Interview With The New President Of The University Of Liberia


By Josephus Moses Gray

The Perspective
Atlanta, Georgia

November 9, 2004

In the aftermath of the development at the University, Josephus Moses Gray of The Perspective visited Dr. Conteh at his Mamba Point residence on 11 September for an exclusive interview, which focused on a wide range of issues, especially the University of Liberia. See below the full text of the interview.

The Perspective: You have been out of Liberia for few years residing in the United States, how do you feel being home once again?

UL President: I thank God to be home at this time and to know that our country is recovering after two decades of suffering, deaths and destruction. I am also grateful for the efforts the international community, especially the United Nations, the United States Government, the European Union, and the International Contact Group on Liberia, among others, in ensuring that normalcy is restored fully and to a point where Liberians can once again redeem their dignity and freedom.

The Perspective: You recently co-authored a paper on the Liberian crisis. Can you give us an insight into what it was about?

UL President: The article appeared in an edited book by a Professor Adebayo Adedeji titled: Comprehending and Mastering African Conflicts. Prof. Adedeji is a former Secretary General of the Economic Commission on Africa (ECA). When he retired from the ECA, he set up a think tank near Lagos, Nigeria called ACDESS. And one of the first things he sought to do was to bring African scholars together, under the sponsorship of UNDP, to study the causes and resolution of African conflicts. So we collaborated with scholars from African universities, especially those in states with a recent history of prolonged conflicts, including Sierra Leone, Somalia, Angola, Burundi and Rwanda. Our goal was to understand the root and proximate causes of African conflicts, so as to comprehend and master conflicts. One of our salient findings about the causes of conflicts at the state level in Africa included bad governance. In other words, conflict countries inherited and sustained political systems in which the legitimate needs of majority of their people were unmet. Proffered solutions for transforming said conflicts include rebuilding state and governance institutions based on principles of good governance, equity, and the rule of law, reconciliation and equal access to resources at all levels: community, province, state and region.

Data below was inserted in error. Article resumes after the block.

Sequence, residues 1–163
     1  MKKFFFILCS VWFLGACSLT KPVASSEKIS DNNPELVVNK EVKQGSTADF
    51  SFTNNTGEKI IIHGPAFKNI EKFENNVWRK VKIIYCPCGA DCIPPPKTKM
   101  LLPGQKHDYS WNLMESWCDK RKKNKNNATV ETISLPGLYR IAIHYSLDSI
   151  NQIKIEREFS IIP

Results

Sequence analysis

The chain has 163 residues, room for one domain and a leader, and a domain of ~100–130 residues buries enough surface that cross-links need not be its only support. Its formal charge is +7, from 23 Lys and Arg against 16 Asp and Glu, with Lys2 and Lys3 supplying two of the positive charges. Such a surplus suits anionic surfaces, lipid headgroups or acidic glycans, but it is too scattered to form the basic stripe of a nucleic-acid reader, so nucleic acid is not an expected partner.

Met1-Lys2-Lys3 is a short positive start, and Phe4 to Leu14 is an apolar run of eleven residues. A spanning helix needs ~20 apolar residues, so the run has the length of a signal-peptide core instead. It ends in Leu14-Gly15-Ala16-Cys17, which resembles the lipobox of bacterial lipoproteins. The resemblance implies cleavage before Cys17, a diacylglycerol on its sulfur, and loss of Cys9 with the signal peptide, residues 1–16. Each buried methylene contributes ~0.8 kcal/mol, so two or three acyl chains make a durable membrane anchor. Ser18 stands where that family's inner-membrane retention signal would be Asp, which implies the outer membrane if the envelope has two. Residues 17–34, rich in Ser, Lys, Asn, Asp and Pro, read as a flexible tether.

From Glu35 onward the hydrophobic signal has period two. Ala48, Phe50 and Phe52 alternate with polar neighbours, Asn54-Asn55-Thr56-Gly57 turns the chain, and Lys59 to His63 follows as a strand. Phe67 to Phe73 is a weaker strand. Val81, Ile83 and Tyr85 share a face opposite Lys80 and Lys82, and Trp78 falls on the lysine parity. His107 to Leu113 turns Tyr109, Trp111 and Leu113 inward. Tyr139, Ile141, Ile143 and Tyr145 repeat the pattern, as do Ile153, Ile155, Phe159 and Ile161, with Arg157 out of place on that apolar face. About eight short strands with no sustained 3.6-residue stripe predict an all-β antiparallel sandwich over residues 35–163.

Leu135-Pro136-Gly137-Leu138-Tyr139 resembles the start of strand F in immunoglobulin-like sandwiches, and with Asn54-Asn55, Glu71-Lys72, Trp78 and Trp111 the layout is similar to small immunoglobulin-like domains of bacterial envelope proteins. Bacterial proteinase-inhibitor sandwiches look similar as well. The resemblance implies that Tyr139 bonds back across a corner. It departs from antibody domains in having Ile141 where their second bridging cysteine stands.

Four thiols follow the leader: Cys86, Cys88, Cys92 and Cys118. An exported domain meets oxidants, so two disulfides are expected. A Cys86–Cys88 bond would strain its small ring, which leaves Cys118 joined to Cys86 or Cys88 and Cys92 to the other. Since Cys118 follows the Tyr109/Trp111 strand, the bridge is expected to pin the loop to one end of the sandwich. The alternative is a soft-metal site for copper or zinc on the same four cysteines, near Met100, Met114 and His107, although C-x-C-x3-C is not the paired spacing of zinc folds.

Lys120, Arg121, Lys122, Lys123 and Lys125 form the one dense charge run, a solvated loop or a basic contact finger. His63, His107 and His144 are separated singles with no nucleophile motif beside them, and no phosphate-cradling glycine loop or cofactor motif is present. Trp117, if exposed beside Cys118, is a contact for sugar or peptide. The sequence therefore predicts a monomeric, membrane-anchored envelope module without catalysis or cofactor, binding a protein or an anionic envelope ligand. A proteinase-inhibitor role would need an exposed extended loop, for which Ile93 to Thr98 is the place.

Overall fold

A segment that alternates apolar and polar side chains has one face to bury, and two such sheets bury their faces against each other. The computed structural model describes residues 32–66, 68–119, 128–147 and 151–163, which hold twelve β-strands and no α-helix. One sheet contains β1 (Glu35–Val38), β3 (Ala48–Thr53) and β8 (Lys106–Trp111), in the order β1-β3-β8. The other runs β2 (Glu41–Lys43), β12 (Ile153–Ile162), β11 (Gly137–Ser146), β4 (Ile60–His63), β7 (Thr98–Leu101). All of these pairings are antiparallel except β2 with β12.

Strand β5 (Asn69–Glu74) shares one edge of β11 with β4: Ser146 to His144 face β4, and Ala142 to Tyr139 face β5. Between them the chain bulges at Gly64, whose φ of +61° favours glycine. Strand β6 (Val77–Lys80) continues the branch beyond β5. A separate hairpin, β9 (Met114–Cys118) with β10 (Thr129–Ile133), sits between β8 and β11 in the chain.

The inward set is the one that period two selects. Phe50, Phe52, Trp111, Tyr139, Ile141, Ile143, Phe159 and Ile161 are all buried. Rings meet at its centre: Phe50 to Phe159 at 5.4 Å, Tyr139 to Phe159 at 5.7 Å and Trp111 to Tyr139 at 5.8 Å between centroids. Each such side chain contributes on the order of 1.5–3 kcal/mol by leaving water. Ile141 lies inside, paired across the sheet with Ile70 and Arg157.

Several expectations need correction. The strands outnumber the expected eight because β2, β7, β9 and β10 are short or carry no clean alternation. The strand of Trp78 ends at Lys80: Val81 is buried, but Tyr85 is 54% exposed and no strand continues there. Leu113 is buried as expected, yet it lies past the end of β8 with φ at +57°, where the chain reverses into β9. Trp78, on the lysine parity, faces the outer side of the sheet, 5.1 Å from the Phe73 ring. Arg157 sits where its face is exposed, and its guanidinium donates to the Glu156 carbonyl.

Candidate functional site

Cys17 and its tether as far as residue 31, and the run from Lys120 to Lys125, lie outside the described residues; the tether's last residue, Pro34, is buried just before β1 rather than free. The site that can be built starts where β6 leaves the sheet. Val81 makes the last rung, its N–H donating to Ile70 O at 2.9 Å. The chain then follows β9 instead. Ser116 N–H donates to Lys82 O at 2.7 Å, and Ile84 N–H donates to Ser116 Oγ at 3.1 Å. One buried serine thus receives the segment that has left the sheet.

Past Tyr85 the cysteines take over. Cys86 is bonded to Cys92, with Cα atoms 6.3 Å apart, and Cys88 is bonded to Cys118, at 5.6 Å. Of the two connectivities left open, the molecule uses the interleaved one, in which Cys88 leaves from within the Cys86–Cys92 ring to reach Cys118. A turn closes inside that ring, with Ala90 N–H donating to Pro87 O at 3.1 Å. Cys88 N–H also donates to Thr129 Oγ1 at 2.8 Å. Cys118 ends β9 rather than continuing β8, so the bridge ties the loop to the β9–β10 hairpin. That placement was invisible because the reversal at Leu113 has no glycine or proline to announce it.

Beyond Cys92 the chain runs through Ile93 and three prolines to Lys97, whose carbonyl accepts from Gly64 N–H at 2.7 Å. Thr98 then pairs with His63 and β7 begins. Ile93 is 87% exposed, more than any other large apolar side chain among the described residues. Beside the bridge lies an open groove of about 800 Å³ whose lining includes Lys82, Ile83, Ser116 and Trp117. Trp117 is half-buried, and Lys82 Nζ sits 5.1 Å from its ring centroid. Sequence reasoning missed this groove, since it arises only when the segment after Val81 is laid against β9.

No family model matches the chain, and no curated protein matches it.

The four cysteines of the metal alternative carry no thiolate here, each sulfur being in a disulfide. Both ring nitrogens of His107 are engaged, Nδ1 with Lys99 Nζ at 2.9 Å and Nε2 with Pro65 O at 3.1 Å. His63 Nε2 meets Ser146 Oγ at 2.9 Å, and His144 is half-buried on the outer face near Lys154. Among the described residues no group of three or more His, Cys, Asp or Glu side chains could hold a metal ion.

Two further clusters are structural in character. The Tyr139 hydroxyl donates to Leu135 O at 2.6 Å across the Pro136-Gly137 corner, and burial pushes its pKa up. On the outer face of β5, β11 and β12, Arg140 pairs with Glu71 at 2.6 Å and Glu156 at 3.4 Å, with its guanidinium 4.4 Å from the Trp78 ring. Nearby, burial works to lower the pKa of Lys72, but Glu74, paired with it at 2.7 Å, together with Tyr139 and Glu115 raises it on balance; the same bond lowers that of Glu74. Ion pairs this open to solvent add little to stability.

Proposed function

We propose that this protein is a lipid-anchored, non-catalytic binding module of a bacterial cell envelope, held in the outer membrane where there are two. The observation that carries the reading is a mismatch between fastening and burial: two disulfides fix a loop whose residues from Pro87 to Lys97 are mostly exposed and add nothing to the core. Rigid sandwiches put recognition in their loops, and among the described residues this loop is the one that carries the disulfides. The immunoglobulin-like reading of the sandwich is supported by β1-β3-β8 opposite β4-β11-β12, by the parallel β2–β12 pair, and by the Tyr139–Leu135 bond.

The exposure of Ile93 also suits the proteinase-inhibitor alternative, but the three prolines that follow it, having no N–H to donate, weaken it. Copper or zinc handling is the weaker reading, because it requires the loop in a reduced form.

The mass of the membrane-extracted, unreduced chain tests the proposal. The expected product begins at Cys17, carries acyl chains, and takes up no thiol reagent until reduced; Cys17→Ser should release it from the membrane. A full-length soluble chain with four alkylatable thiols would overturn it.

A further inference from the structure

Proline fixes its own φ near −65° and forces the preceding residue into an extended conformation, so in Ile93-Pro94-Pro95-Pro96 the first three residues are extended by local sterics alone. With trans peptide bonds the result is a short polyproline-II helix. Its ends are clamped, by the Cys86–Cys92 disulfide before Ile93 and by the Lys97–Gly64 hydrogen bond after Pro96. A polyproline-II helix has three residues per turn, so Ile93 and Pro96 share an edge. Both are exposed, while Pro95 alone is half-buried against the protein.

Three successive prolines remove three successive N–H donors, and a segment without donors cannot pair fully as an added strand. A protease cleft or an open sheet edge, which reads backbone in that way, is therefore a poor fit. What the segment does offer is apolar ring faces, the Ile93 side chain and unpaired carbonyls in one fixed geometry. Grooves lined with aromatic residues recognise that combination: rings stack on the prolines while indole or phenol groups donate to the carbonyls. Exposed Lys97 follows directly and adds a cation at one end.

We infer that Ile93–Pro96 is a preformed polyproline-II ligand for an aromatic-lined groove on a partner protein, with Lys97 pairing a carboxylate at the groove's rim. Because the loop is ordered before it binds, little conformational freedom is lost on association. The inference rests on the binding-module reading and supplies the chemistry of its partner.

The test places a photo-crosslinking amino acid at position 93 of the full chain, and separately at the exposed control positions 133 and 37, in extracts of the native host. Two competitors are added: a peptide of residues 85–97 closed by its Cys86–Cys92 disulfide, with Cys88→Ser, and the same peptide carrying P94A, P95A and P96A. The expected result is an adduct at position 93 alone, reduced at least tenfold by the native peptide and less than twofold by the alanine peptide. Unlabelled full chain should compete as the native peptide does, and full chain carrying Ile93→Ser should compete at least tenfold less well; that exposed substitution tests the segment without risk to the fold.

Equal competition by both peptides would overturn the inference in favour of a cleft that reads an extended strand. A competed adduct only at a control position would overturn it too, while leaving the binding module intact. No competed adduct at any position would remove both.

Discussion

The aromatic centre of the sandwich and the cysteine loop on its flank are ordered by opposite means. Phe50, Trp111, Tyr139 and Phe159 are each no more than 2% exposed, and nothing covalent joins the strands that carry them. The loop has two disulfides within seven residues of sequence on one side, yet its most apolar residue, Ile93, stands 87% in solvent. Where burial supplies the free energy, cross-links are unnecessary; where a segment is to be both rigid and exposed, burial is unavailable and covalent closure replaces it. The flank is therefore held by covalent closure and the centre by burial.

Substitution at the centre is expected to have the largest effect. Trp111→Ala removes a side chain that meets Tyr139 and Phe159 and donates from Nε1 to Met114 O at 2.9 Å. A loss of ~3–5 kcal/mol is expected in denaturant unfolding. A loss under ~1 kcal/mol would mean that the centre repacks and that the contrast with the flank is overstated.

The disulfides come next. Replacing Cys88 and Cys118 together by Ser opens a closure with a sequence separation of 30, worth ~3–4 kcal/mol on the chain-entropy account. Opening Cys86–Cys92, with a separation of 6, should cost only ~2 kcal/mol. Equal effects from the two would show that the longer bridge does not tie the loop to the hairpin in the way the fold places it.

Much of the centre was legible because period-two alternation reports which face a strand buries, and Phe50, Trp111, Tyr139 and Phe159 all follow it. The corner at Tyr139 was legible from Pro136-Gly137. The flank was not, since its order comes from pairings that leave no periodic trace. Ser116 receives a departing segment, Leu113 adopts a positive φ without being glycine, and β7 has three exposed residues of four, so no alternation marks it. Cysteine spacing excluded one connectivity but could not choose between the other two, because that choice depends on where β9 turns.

The Perspective: While you were away, you might have missed certain things in Liberia. What are those things you missed; can you identify them?

UL President: I just saw my mother today for the first time since 1999. She had been living at her home, Botunwea, Nimba County, before the 2003 round of fighting in the country. Upon seeing me, she started to dance. That brought me tremendous happiness. I have also been missing my extended family. I missed being home, and was happy to see many of my childhood friends. Generally, I am happy to be home, and to see how I can contribute my skills and education to the ongoing efforts in bringing back Liberia’s lost glory. It is a tremendous challenge, although it is a sacrifice that I am making because I have to be away from my wife and children.

The Perspective: Can you tell us about the process that brought you to the presidency of the university?

UL President: